Although Delius had little interest in musical forms, "Poem of Life and Love" is perhaps best described as a symphonic poem. The character of the music suggests that Delius here understands "life" in the Nietzschean sense of heroism, and "love" as nature-worship. Delius was never quite satisfied with the work as it stood, and kept revising it. Finally, again with the help of Fenby, he recast the central section as "A Song of Summer". We have Dutton to thank for allowing us to hear the work as originally conceived.

Delius' opera "A Village Romeo and Juliet", based on a Swiss tale about the offspring of two warring farmers who fall madly in love and eventually enter into a suicide pact, has occasionally (if rarely) been staged, and is available on record, but, as the work derives much of its force from its many purely orchestral interludes, this orchestral suite, arranged by composer David Matthews, accurately captures the mood and character of the original opera.

Over the years, David Lloyd-Jones has become a significant champion of British music in the recording studio, and here he conducts the Royal Scottish National Orchestra with his usual panache.

Vaughan Williams/ Hadley: Garden Of Proserpine/ In The Fen Country/ Fen And Flood
Vaughan Williams/ Hadley: Garden Of Proserpine/ In The Fen Country/ Fen And Flood
Price: £12.21

19 of 20 people found the following review helpful
5.0 out of 5 stars vaughan williams & hadley, 10 Jun. 2011
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Albion's excellent series of Vaughan Williams rarities continues with this latest instalment which includes a world premiere recording of "The Garden of Proserpine" for mezzo-soprano, chorus and orchestra - VW's earliest large-scale attempt in the use of such forces. The text he sets is a 12-stanza poem by A.C. Swinburne in which the oblivion of death is welcomed as a solurion to life's woes. At this point in his life VW was probably still an atheist (before he settled into a comfortable agnosticism), so Swinburne's poem would have had an instant appeal. For all its influences, the music is not simply warmed-up Wagner or Brahms (or Parry), and there is more than a hint of the mature composer who, in barely ten years time, would be turning out a Sea Symphony (for rather similar forces).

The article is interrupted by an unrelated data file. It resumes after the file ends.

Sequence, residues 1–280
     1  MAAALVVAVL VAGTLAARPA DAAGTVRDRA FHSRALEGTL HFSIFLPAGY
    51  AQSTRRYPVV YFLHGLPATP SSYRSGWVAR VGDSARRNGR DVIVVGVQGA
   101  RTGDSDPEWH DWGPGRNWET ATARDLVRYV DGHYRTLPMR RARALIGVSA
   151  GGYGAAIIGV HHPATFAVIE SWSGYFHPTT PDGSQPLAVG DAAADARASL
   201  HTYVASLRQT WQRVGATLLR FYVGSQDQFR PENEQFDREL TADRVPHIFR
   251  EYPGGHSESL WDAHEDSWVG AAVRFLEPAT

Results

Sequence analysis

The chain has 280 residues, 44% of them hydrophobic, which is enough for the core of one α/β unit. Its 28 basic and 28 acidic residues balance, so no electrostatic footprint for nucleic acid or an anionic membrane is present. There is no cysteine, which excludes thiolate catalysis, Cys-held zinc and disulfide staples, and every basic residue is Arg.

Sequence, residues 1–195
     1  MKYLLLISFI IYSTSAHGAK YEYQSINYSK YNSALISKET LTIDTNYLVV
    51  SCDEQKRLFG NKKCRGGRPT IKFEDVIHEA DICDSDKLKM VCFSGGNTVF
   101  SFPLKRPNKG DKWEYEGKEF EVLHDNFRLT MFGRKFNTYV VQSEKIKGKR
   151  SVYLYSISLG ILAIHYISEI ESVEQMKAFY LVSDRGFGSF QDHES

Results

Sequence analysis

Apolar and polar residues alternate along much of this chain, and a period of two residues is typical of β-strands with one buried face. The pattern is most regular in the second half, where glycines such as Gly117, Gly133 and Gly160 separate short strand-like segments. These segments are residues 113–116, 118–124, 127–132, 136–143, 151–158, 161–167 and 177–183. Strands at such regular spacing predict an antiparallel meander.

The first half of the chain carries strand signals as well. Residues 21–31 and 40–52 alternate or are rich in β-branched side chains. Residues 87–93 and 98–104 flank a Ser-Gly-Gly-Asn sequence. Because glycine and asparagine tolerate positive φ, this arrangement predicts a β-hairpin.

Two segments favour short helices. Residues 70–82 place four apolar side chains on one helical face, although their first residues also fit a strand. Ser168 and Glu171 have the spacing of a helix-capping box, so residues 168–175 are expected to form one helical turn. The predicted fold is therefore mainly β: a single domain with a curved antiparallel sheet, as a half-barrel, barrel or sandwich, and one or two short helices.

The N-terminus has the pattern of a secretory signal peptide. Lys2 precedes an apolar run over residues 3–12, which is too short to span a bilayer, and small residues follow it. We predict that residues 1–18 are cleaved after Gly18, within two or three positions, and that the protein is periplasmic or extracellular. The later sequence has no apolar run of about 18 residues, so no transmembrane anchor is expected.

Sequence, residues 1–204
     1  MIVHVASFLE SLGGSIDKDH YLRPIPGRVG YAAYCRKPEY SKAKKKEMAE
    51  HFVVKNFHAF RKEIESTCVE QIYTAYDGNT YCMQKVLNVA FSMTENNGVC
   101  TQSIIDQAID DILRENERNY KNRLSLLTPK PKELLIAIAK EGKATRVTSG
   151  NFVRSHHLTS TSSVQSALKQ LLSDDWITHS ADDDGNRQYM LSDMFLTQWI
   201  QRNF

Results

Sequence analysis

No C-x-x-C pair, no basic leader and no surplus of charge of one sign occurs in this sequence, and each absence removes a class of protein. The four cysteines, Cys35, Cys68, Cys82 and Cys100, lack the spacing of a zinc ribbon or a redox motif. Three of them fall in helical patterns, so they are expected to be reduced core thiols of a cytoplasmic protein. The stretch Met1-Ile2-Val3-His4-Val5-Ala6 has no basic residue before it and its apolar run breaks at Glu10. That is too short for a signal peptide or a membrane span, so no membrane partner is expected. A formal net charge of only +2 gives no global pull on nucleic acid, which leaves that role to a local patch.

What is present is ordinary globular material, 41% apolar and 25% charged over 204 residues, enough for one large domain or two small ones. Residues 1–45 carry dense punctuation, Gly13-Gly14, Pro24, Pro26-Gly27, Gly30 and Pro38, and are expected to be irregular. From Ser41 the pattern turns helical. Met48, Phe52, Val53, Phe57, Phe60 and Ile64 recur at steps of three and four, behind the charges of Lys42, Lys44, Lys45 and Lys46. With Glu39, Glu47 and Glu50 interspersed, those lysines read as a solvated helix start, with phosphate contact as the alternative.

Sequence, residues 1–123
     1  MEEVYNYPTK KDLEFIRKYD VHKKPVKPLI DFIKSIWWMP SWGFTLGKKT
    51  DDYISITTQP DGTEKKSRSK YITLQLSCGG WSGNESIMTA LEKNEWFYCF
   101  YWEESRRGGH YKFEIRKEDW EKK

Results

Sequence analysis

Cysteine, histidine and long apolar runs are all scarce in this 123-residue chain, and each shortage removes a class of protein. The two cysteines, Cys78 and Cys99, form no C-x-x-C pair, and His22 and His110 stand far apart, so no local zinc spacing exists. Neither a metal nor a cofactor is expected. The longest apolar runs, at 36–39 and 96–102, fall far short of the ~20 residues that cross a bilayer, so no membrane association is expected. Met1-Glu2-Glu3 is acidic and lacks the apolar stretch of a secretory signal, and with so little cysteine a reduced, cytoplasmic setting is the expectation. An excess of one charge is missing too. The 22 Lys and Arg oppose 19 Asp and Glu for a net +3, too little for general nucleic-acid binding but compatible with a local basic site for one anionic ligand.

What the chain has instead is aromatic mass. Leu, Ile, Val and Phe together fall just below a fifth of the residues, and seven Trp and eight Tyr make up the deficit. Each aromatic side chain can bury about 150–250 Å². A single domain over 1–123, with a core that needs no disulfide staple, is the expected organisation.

The other VW piece on the disc is the better-known "In the Fen Country". Although written only five years after the above work (1904), it displays significant advances towards full maturity, including the folksong-like inflections and modalism we find in the Norfolk Rhapsody No.1 and, later, The Lark Ascending. There are some lovely instrumental solos, particularly for oboe and viola, which imbue the work with an air of desolation so redolent of the East Anglian landscape.

Alongside these VW works we have - at long last - a recording of Patrick Hadley's "Fen and Flood", although in VW's arrangement for SATB chorus (Hadley had composed it for male voices only). Like many of Hadley's major works (his masterpiece "The Trees So High" is the notable exception), the form of the piece is that of a montage, with fifteen short movements divided into two parts. Hadley avails himself of the opportunity to take us on a guided tour around East Anglia and its history, with movements entitled "The Monks of Ely", "The Dissolution", "Walsingham", and so forth, and there is ample room for the rendition of some Norfolk folksongs, including "The Painful Plough" and the haunting "Lynn (or Captain's) Apprentice". The wole piece, however, leads up to a climax depicting the disastrous floods that hit Norfolk (and Holland) on 31st. January 1953 when some 2,400 people lost their lives. The work ends with "St. Nicholas", a sturdy hymn of adoration, acknowledging God's sovereign power to save and protect.

The final short piece on the disc is VW's arrangement of "The Captain's Apprentice" (which he employed to good effect in his Norfolk Rhapsody No.1), here for baritone solo, which makes for an interesting contrast with Hadley's treatment of the same folksong in Fen and Flood.

All the forces (Bournemouth Symphony Orchestra, conducted by Paul Daniel; the Joyful Company of Singers, and soloists) perform well throughout, resulting in a superb CD which no lover of English music can afford to be without.

Leighton: Missa De Gloria
Leighton: Missa De Gloria
Price: £7.75

3 of 3 people found the following review helpful
5.0 out of 5 stars Leighton: Organ Music, 19 May 2011
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Kenneth Leighton (1929-88) was a significant twentieth century English composer who wrote in most genres (symphonies, concertos, chamber music, choral music and solo piano music) and held several university posts, most notably Reid Professor of Music at Edinburgh University. Yet his music was never dry and academic, but was imbued with a certain lyrical romanticism without, however, losing its technical precision. This Naxos recording presents us with three important works for organ. "Et Resurrexit" explores the struggle for belief in Christ's resurrection, and is a suitably restless, stormy piece in three parts: Theme, Fantasy and Fugue. The power of invention, based on a simple four-note motif announced at the outset, is impressive, and the music proceeds inexorably through a series of climaxes to a breath-taking conclusion.

The Hymn-Tune Fantasies, as the title suggests, comprise a series of improvisations on well-known hymn tunes - St. Columba, Veni Emmanuel, and Hanover (O Worship the King). As with the previous work, the tunes are subjected to a wide range of moods and musical ideas, although in each case the hymn tune is never far from the surface. The tendency in all these pieces is for an increase in dynamics and texture as the music moves to its climax, although Veni Emmanuel ends on a reflective note.